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    Salvation Army buys hospital as its home

    The agency will share space at the former site of Clearwater Community Hospital with other social service groups.


    © St. Petersburg Times, published April 17, 2001

    CLEARWATER -- After a few weeks of fast-paced negotiations, the Salvation Army has purchased the defunct Clearwater Community Hospital and announced plans to transform it into a "center of hope" with multiple social services sharing the space.

    The new facility will have three times as much space as the Salvation Army's current Clearwater location in the 400 block of N Fort Harrison Avenue. After the move, the current location will be sold.

    Maj. John Needham, who oversees the Salvation Army in North Pinellas, said he hopes the community will support the new center, which will serve upper Pinellas.

    "It's a tragedy to go by a lovely facility like that in the community and not see it operating as something useful," Needham said. "From conversations we've had with folks around that area, they're pleased that something positive is going to be in there again and the building will be open again."

    The Salvation Army purchased the 92,000-square-foot hospital building at 1515 Druid Road and Highland Avenue on Friday for about $1.5-million -- a bargain price, according to both Needham and the deal's real estate brokers. The property, vacant for two years, was estimated to be worth as much as $4-million, Needham said.

    Remodeling the building and creating an endowment will cost an estimated $4.5-million, which will bring the project's total price to about $6-million, he said.

    The seller, a company affiliated with HCA -- the Healthcare Company, wanted to close the sale as quickly as possible, said broker Jane Dizona of CB Richard Ellis in Tampa.

    At least one deal to acquire the hospital had fallen through because HCA wanted to prohibit the facility from ever operating again as a hospital and competing with other HCA holdings in the area.

    "The big detriment of the property was that it was hospital, and you can't use it as that," Dizona said. "It's in very good shape. I would agree with them that it's an incredible deal."

    The Salvation Army found out the hospital was back on the market about a month ago.

    "They had had it on the market for some time," Needham said. "They needed to sell the property quickly. We really accelerated what usually is a long process for us because they were practically ready to auction it off."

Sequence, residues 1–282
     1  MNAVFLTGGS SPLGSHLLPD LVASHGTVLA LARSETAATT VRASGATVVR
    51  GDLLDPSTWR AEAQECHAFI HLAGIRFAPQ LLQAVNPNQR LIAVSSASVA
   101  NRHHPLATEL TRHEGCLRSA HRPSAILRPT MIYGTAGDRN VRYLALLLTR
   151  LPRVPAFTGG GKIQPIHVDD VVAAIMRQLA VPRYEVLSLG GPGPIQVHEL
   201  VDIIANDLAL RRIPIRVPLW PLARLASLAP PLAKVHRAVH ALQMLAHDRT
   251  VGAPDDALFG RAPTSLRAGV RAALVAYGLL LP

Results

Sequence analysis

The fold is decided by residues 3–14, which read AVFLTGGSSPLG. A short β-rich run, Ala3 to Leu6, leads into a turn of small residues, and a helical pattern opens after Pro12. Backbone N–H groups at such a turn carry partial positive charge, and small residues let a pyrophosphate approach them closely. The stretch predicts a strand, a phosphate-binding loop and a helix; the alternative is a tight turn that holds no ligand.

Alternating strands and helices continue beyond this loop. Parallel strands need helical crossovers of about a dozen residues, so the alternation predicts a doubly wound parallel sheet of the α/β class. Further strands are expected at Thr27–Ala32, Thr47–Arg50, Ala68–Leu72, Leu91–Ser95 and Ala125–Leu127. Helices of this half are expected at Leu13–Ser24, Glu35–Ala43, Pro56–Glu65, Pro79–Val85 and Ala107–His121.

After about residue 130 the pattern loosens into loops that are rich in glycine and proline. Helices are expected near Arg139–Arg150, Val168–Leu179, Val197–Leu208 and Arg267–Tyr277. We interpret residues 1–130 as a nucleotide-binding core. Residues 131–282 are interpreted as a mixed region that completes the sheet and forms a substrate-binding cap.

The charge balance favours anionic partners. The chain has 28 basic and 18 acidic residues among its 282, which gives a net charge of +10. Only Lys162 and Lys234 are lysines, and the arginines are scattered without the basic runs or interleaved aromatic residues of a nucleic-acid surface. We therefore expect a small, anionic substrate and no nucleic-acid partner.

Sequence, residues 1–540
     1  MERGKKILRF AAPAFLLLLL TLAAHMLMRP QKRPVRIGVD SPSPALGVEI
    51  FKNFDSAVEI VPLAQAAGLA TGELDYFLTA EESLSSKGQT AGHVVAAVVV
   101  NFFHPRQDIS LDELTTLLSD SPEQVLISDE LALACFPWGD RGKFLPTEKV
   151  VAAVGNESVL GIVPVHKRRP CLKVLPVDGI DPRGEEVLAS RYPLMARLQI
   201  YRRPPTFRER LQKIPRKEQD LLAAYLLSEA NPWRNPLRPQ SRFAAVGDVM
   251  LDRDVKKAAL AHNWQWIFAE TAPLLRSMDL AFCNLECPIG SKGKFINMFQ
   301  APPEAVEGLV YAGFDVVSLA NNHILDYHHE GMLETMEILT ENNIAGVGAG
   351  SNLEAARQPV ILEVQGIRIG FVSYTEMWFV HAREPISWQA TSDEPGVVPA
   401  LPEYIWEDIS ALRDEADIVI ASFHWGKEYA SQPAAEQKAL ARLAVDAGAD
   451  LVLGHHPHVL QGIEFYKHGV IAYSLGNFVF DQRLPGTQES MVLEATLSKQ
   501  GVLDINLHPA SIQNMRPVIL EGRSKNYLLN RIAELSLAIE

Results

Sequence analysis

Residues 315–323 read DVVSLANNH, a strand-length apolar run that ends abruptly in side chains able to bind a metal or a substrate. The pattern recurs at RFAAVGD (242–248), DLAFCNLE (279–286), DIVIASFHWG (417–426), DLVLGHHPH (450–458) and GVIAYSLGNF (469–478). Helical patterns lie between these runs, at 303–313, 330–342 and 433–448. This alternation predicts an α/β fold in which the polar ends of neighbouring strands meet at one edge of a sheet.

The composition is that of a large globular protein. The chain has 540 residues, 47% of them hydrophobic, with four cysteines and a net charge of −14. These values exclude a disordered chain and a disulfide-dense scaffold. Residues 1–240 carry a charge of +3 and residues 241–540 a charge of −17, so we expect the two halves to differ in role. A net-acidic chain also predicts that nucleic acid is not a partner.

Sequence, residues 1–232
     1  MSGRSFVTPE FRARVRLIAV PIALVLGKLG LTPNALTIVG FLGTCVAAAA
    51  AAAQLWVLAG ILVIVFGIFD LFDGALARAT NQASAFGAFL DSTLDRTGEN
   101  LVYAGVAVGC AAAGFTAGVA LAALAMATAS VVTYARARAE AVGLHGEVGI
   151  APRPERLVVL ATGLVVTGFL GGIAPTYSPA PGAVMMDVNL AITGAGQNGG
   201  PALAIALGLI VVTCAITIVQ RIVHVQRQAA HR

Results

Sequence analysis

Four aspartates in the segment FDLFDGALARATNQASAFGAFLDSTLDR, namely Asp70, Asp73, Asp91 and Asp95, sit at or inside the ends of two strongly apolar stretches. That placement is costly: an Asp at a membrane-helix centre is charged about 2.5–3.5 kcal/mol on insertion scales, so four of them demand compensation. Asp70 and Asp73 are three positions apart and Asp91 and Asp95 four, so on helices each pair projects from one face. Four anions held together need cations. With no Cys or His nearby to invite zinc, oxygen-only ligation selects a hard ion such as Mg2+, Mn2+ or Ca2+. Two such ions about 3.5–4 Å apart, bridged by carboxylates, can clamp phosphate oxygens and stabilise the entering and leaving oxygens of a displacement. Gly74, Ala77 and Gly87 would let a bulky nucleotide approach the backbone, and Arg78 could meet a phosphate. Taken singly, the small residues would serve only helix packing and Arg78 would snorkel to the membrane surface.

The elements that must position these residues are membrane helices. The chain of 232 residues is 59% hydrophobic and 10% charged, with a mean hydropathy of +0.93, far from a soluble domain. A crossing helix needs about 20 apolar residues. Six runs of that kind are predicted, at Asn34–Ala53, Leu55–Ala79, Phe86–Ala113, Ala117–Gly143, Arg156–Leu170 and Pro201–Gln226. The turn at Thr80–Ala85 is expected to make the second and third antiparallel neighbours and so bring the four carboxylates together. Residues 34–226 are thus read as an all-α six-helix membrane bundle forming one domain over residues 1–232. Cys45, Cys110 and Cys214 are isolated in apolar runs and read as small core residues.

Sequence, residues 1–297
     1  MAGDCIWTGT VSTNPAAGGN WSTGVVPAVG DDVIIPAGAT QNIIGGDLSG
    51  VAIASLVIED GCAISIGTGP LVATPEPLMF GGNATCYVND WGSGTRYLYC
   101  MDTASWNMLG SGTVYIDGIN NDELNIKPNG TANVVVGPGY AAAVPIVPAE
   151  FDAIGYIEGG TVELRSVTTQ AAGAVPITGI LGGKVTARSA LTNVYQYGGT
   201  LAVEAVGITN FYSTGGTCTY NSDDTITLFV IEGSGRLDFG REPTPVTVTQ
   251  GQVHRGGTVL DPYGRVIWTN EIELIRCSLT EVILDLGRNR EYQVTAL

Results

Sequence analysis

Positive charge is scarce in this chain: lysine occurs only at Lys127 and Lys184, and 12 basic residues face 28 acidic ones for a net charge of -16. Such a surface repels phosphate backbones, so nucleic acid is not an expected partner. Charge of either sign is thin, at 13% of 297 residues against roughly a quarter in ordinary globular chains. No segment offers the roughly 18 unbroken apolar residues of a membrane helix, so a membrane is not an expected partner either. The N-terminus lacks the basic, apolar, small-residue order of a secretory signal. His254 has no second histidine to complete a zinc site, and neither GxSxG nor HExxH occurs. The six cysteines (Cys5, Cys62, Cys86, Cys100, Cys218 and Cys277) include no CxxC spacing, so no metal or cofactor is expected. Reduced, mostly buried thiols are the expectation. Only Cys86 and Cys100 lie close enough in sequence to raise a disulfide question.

HCA has undergone a major restructuring in the past three years and sold hospitals that had lost the leading edge in their communities, said HCA spokesman Jeff Prescott. HCA, which was formerly known as Columbia/HCA Healthcare Co., closed the 133-bed Clearwater hospital in early 1999, citing occupancy rates as low as 20 percent as the reason.

    Meanwhile, the Salvation Army had been searching for more than two years for a larger home for its numerous social service programs in North Pinellas.

    The hospital's interior will have to be remodeled and furnished. An endowment also will have to be created to pay increased operating costs at the new facility. Outside there won't be many changes, other than improving the landscaping and parking lots.

    Among the services to be relocated to the old hospital from Salvation Army facilities on Fort Harrison will be housing units for people in need.

    Using renovated clusters of hospital rooms, there are plans for eight housing units for people living with AIDS, 14 units for families, six for single people making a transition from homelessness to an apartment and six units for families who need emergency shelter. The project would nearly triple the housing that the Salvation Army provides.

    Other services that would find space include a mother-and-child clinic that provides prenatal care for the uninsured, as well as offices for Salvation Army probation officers and another group that assists people with AIDS.

    If there is space, Neighborly Senior Services might be able to use the old hospital cafeteria and kitchen for its Meals on Wheels and in-house feeding program, which has to move from an office building downtown that is being acquired by the city of Clearwater this year.

    Another program that needs space is the annual "Christmas Joy" toy and food drive.

    "We're talking to the architect now to see if we can get all that in there," Needham said.

    A public hearing will be required to approve the plans for the Salvation Army's facility, which probably won't happen until this summer, according to both city officials and Needham.

    The earliest a move would be possible would be a year from now, Needham said. At that point, the Salvation Army would sell its 3 acres of property on N Fort Harrison. Developers for the Church of Scientology might be interested in the land, Needham said, but there aren't any offers on the table yet.

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